Patrick W. Carr is both his first novel and the first book in The Staff & The Sword trilogy. It is an epic fantasy set in a world where the church is second only to the king, though seemingly not by much. Errol Stone, the village drunkard, is paid handsomely by a church messenger to deliver a package to Pater Martin, a priest who lives outside the village, on the other side of some challenging terrain. Errol knows the way like the back of his hand, but surefooted as he is, he runs into trouble when he realizes he is being followed by a man in black who apparently wants him dead. He makes it to the cabin, but only just barely. This would only be the first in a long string of instances where he likely wishes he had never volunteered to deliver that package, because he ends up becoming a reluctant member of a small party setting out for the city of Erinon - the seat of both the kingdom and the church - and his life is never truly his again.
When I begun this and realized how heavily the church features in the story, I was a little unsure how I would like it; I was worried it was going to end up being some kind of very in-your-face kind of tale about an obvious sinner changing his life for the better as he gives himself over to religion or something. I am happy to report, however, that this was not at all the case. A Cast of Stones is a fantasy adventure absolutely rife with action and intrigue, and while the church is a major player, it's not in the way you might expect. Errol is unclear through much of his journey whether his friends are truly friends, and there is corruption within the church as well, so Carr is definitely not trying to weave some kind of a story about how religion and the church is the Greatest Good, pure and loving and necessary for salvation.
In fact, what could be considered Errol's salvation - sobering up - comes at the hands of not a churchman and not some internal peace with The Three (their Holy Trinity), but through rigorous training with the staff that he undergoes with a farmer who is quite clearly more than just a farmer. He works with the staff diligently along the rest of his journey, growing not only in size from the exercise, but also growing as a person. It sounds incredibly corny the way I just put it, but there is really quite a lot of character development going on gradually in the months it takes him to get to Erinon. We are given an unlikely hero in Errol at the beginning: he starts off an emotionally scarred boy with a chip on his shoulder who drowns his mental faculties in ale the moment certain memories begin to surface, until he eventually becomes physically dependent on alcohol. He is a complete mess, and everyone in the village tolerates it because everyone in the village pities him. What we are left with by the end of A Cast of Stones is a quietly powerful, perceptive, and determined young man with a head full of sense on his shoulders.
I'm still not entirely sure how I feel about some of the other characters. I do like Cruk; a captain of the Watch, he thought Errol hopeless when he knew him back in the village. He is rather gruff, but I don't know what else you might expect from his type of character. Pater Martin and Luis, though, are the ones I'm mostly unsure about. I want to like them; they are doing what they think to be in the best interest of the kingdom. The needs of the many, and all that. But I think they vastly underestimate Errol's ability to understand the intricacies of everything that is going on and the role he plays in it all. They keep him in the dark most of the time, but then get upset when he goes out of his way to try and figure things out for himself and ends up with information and opinions that could be very dangerous to utter in front of the wrong people. If they would just tell him things, they could avoid the possibility of him saying the wrong things in front of the wrong people at the wrong times, so really, they would have no one to blame but themselves in the event of that. As for Liam, another young man about Errol's age who got roped into going to Erinon, it is impossible not to like him unless you're just annoyed at how wonderful he is, because he is just that genuinely nice and well-meaning to everyone and he is apparently good at everything and is handsome to boot. In the end, though, despite his rough edges, Errol turns out to be very nearly Liam's match in more ways than he might imagine, and the fate of the kingdom may well rest with one or both of them.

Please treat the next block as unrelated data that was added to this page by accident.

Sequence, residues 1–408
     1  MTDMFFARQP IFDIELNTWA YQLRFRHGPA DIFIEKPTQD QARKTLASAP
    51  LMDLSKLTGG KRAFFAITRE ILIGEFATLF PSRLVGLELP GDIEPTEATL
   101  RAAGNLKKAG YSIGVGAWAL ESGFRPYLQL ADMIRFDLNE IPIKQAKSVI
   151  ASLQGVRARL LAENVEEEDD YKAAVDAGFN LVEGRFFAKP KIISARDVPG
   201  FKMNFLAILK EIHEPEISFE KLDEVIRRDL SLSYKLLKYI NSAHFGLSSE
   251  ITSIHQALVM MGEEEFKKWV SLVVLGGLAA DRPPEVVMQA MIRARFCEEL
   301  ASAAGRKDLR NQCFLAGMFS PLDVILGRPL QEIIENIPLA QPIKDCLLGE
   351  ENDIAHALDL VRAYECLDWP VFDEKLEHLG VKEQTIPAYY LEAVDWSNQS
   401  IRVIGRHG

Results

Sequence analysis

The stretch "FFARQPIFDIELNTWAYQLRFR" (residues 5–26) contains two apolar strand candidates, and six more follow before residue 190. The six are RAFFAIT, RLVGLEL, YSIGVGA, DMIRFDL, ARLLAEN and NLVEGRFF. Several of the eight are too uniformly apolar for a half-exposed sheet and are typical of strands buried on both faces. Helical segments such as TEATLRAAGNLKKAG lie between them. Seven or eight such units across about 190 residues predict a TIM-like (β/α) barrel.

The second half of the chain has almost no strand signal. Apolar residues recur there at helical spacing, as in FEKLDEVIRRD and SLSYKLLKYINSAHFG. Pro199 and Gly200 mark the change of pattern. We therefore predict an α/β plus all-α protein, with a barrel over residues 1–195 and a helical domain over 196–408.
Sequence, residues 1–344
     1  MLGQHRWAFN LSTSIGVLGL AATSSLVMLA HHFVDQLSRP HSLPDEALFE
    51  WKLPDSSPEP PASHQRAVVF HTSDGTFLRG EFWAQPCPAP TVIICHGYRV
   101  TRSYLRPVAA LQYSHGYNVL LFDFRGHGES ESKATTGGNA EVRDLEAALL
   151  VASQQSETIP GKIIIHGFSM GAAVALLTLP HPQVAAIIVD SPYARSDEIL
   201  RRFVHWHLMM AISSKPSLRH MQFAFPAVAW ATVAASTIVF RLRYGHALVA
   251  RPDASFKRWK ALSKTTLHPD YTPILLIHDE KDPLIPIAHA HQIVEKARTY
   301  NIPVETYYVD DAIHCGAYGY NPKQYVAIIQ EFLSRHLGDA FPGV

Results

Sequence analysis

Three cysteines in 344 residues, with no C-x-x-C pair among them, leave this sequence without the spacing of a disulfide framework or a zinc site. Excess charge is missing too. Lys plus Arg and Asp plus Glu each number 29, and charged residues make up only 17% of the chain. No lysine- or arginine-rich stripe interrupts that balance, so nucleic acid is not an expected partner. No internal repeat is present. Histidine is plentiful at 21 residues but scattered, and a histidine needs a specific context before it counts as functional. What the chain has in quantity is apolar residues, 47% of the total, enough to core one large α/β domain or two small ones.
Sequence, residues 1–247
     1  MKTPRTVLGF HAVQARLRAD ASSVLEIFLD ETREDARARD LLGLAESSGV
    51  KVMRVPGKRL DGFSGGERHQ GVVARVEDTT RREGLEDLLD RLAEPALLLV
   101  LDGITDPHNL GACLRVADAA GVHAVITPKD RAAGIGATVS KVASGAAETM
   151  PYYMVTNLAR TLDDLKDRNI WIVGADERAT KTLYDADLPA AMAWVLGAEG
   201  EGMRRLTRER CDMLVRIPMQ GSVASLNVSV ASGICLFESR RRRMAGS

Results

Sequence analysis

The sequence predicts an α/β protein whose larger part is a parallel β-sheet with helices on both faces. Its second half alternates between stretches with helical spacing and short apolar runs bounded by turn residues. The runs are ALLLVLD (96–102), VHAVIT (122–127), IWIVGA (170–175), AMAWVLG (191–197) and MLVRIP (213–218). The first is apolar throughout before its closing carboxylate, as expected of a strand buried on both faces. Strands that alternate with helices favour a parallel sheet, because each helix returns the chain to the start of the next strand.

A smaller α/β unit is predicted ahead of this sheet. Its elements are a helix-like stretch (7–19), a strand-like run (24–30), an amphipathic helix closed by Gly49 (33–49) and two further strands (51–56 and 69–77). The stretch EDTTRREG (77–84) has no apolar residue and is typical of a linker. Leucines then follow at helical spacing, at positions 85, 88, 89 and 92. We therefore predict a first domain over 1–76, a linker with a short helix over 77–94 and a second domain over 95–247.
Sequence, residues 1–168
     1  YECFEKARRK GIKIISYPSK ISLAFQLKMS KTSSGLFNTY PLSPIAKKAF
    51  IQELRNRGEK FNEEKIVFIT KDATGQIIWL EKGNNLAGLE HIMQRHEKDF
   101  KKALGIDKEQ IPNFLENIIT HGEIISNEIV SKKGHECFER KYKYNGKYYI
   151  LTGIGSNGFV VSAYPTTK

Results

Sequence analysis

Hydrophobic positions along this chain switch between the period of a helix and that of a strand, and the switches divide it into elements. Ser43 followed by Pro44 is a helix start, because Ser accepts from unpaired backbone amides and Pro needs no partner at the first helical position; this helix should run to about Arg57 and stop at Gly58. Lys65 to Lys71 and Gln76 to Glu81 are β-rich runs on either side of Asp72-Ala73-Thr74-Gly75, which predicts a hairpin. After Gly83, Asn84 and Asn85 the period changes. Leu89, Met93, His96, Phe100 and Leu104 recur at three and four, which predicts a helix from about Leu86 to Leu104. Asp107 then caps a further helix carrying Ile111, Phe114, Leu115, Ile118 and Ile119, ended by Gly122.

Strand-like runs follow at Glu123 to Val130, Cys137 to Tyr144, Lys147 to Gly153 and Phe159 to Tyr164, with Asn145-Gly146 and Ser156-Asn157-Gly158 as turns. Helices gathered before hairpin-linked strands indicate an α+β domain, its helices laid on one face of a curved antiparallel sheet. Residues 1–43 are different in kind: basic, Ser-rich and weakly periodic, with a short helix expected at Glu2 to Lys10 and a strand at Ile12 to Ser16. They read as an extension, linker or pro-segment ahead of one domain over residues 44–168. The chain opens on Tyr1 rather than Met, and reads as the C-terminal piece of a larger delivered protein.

I received this book through LibraryThing's Early Reviewers program, and I wish I'd gotten to it much sooner than I did, because I ended up enjoying it pretty thoroughly and it ended in such a way that I was really frustrated that it is part of a trilogy and not just one insanely long book. So now I need to find the second in the trilogy; the final installment of The Staff & The Sword is to be released this February, so now is a good time to start if you haven't read this yet (it's also free on Kindle right now, just fyi)!
Series Info: What came before this book? What's next?
The Staff & The Sword
* A Cast of Stones (Book 1)
- The Hero's Lot (Book 2)
- A Draw of Kings (Book 3)
See what others are saying about it, or buy it now:
Better World Books